Old Lady, New Logo.

Thoughts on the Juventus Re-brand.

A wise man once said “Your customers will hate your re-brand”. People don’t tend to take well to change and re-brands generally seem to split people down the middle. We’ve become a generation of binary opinions, something is either great or the worst ever, this is no more exaggerated than when it comes to football and football fans in particular. New signings are written off after a few games, ‘world class’ reputations forged in weeks and managers fired after mere dips in form. There’s no middle ground when it comes to football fan opinions.

New Juventus logo.

I like the new Juve logo, it’s definitely a bold step, a big departure from the football crest, I can see it working well across the range of demands now required of football brands. However I don’t want to write about whether it’s good work or not; design is subjective and the work will divide as re-brands do. I want to look at why.

It doesn’t take long looking through the comments on social media before you come across the first “That took a year? I could have done that!” or “The old one was fine, why change?”

Juventus are trying to compete in Europe against the financial riches of the Premier League and the Spanish giants of Real Madrid and Barcelona. They need a brand that can serve them further than just a crest on a shirt, there is a wealth of money making opportunities out there if the branding works. Just look at the pinnacle of all sports club brands, The New York Yankees. I wouldn’t mind betting there’s people out there who buy Yankees merchandise who don’t even know it’s a baseball club. All sports clubs must aspire to that level, when you look at the brand in that context it’s easy to see where Juventus are coming from and why they’ve spent a year exploring different options.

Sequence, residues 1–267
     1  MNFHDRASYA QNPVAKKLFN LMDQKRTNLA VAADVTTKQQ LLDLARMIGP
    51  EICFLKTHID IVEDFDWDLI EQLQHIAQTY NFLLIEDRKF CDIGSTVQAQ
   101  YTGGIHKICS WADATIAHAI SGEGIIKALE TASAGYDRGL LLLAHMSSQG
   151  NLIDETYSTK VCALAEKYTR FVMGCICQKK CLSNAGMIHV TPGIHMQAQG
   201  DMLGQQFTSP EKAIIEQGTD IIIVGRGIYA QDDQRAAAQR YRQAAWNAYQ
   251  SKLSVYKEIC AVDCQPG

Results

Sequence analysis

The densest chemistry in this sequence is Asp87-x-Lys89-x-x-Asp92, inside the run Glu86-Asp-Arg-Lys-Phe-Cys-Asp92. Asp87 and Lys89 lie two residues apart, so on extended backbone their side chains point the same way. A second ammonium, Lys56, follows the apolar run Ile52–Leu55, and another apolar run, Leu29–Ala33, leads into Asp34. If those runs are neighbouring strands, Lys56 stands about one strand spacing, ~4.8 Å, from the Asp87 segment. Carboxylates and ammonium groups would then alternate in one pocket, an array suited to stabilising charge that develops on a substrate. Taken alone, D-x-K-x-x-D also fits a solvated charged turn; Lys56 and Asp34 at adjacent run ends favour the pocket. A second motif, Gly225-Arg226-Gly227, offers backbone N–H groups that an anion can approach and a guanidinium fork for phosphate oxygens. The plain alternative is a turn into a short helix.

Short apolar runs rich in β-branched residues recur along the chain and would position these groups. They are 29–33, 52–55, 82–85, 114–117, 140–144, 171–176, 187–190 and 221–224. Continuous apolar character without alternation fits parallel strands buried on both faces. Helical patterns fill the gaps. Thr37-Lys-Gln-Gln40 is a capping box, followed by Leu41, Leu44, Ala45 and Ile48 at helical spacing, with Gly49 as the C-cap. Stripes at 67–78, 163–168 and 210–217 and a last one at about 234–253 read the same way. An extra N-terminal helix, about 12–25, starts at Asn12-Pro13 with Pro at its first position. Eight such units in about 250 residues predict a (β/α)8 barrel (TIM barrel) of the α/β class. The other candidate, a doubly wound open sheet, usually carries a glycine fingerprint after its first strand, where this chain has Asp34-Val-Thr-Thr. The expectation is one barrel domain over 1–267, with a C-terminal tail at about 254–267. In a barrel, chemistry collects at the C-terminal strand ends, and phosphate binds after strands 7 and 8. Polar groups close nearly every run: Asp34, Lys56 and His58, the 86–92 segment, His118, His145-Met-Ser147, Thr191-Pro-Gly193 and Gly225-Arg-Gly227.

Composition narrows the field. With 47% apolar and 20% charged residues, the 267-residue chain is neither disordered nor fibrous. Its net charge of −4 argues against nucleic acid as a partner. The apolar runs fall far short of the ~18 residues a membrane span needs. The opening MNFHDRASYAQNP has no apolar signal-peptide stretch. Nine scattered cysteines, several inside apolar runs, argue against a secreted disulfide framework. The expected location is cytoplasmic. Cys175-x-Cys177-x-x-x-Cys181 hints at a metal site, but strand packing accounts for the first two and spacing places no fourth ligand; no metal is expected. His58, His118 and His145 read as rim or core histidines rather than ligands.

Juventus 1941–1942 — The new branding reflects more on the club’s history than first impressions might imply.

I think we can be too quick to abandon heritage in the name of advancement but history and progress clash regularly when it comes to the world of football. Fans expect a manager to respect the club traditions and style of play while achieving instant success in a football world that has long since moved on. It’s easy to look back on past success when in reality, all that matters is now. As the above image shows, the new design actually reflects more of the club’s history than people might realise at first. Is this really that important though when it comes to moving your football club forward? Football is unique in that the tribal nature of the fanbase means that they aren’t going to desert you over a badge change. A re-brand might however attract new customers, new fans who associate with your brand in a more modern way, fans from overseas who are attracted by a level of ‘cool’, mixed with success on the pitch.

Like the design or not, don’t discredit the value of the work. Ultimately in a football world where success increasingly comes as a result of the clubs riches off the pitch, this is a move Juventus needed to make to compete long term.